Back to School (sort of)

“There definitely was no training in how to teach during a pandemic in my teaching certification program, so we were building the plane as we flew it.” Lori Bopp – Kootenai Elementary First Grade teacher.

As students return (sort of) to school this week, we wanted to paint a picture of what it looks from a 360-degree perspective. Having had the opportunity to chat with teachers, school leadership, parents, and students about their experiences teaching and learning during a pandemic, we’ve discovered heroic efforts and small surprises along the way.

Here is a look behind the “scenes.”

Teachers are working hard to adapt to meet the needs of students.

No surprise there, our teachers are first and foremost concerned about their connection to their students. In that vein, they have become YouTubers, tutors to grandparents, and driveway teachers.

Emily Norton, a kindergarten teacher at Kootenai Elementary School, among so many other teachers, knew no other way than to start a YouTube channel. She didn’t know how else to reach her students.

“I found I was getting 8 views. And I have 19 kids. So where were my other 10 or 11 kids? Were they working with their parents or were they too busy?”

Fifth-grade teacher Abby Liesy: “I was trying to give them math assignments and hoping they would learn it. I had students who weren’t able to do it and their parents couldn’t teach them the math so I offered up my driveway. Bring your math book, come to my driveway, and we’ll sit and learn.”

Michelle Blumenberg teaches kids with special needs. She spent hours helping a student’s grandfather understand how to use the technology so that child could access the classwork. “Some of our students count on us for more than things like learning. They count on us for breakfast and primary care. I didn’t have all the answers parents needed and that’s the role I tend to play.”

You can listen to their stories in our YouTube series Teaching in a Pandemic.

Parents weren’t trained to be teachers.

Mahle Williams has Finley (6) and Knox (11). At first, the kids were excited about school closure. Who wouldn’t be? It’s exciting and new. But she quickly found it took some work to find a routine that was effective. At first, she attempted to be structured and organized. “That does not work for us,” she said. “Kids need to get outside before they think about learning. We needed to find the flexibility that satisfied everyone.”

Alice Sloane, a sales manager at Litehouse found herself googling how to do nine-year-old math. Her daughter has an IEP (Individual Education Plan) to help her with dyslexia so she has special sessions which require more one on one attention. She couldn’t just download the workbook and do the work. She needed someone to walk her through it. Alice would step away from her work from home to spend time as much as possible but is thankful for teachers like Mrs. Garrison and Mrs. Sykes for their ability to spend time with her. Meanwhile, her older daughter Charlotte, typically an outgoing and social girl, was resistant to learning.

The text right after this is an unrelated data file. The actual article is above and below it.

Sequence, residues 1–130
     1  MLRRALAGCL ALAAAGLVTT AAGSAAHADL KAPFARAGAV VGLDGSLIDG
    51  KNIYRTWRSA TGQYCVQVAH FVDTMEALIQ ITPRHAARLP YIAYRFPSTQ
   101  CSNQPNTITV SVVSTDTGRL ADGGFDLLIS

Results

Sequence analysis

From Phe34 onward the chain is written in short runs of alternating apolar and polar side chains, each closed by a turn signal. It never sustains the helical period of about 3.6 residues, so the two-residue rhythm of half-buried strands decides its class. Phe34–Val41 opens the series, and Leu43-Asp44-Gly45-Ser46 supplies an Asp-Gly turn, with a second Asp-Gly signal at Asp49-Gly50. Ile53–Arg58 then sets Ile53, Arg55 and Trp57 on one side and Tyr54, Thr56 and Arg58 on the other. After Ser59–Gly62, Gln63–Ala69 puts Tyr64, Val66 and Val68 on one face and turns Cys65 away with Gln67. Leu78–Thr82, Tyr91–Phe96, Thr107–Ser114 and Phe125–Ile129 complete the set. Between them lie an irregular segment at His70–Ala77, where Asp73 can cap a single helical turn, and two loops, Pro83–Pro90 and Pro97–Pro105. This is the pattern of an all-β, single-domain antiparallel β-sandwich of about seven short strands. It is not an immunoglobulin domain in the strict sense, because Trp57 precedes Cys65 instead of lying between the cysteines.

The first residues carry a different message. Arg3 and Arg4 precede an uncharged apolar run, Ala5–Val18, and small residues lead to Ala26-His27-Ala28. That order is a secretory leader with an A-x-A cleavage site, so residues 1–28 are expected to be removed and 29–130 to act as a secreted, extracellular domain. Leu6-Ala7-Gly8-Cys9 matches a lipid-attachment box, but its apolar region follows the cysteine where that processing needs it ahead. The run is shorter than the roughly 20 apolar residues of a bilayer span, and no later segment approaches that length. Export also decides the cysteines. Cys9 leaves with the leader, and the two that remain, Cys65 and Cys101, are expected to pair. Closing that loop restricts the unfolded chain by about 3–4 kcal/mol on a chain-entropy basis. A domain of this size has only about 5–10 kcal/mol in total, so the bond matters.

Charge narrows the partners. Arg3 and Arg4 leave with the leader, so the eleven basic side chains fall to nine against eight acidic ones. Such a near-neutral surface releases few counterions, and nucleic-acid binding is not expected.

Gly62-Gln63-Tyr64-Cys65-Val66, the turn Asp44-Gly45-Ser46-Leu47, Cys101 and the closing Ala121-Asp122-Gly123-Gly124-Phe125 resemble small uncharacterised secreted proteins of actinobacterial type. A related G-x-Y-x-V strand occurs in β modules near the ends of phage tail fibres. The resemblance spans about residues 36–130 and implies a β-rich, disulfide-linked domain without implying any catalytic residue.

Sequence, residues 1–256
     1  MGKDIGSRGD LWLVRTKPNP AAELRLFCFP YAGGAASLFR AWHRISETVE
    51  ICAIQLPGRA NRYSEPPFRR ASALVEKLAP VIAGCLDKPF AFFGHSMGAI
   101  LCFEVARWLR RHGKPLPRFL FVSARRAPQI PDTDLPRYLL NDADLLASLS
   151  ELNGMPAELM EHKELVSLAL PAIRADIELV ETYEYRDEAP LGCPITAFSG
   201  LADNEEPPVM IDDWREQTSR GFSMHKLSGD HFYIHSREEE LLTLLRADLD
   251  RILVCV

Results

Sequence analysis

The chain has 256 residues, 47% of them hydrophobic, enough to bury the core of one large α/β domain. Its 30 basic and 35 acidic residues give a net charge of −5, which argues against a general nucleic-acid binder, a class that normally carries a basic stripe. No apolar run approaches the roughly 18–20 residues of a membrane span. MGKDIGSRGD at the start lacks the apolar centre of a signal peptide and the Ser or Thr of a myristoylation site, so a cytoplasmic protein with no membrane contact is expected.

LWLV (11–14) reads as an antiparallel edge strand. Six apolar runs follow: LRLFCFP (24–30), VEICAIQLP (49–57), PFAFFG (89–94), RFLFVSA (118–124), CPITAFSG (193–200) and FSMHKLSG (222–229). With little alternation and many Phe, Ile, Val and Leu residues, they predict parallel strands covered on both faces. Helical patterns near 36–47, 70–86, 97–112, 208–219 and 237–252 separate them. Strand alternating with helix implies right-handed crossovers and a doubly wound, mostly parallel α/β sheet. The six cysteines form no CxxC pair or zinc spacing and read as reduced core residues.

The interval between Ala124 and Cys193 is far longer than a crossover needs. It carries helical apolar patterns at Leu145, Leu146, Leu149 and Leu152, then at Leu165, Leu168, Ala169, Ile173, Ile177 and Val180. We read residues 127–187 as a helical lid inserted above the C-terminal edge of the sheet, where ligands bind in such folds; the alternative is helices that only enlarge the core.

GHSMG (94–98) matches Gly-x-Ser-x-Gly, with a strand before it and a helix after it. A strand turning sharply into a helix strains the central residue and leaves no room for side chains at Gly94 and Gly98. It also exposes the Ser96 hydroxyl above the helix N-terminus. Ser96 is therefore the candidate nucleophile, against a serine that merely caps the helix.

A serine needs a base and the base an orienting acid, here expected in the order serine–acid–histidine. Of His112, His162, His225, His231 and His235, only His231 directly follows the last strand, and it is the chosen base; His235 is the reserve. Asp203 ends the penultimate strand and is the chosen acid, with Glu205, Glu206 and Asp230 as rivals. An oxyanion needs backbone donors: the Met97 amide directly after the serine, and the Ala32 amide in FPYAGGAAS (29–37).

“It was really stressful at first because we had to do everything and then I said, “they’ll be fine.”

Students like school more than they have been letting on

Our next generation is tech-savvy and connected to each other online. They are still missing the structure, encouragement, and even discipline from their teachers. Sports and playtime with friends is something they long for.

Genevieve McGrann said her kids miss the in-person interaction and in particular, playing in sports.

What did some of the students say?
Sixth-grader Knox misses Ms. Shea because she believes in him. Logan misses Ms. Mackeage because she encourages him to do more than he thought he could do.

Watch this video to see more:

School leadership is working hard to create a plan that keeps everyone safe and on track.

Everyone is doing their best.
What we do know is that settling for less than perfect will have to do right now. Everything is going to be alright. There is no other option. If it’s not ok, its because the story isn’t over yet.

In the meantime, this community is doing what it can to help those families who don’t have the luxury to take time off work, who don’t have access to the internet, and who rely on free and reduced lunch. They are the numbers Ms. Norton mentions when she says 9 of her 18 students are showing up for her YouTube lessons. Those numbers are real people who need our help.
Your donations to PAFE help us support the school district in their Back on Track Plan which helps to meet students’ social-emotional needs and teachers’ professional development needs.

Looking for more ways to help? Here are other organizations helping with food and computers:


  • IBE Thank you Idaho Business for Education for their initiative to get students devices. You can learn more here.
  • LPOSD Meal program.
  • Take-home art kits.
  • Full-day Kindergarten – thanks to PAFE donors, grants, and the school district, full-day kindergarten tuition has been waived this year.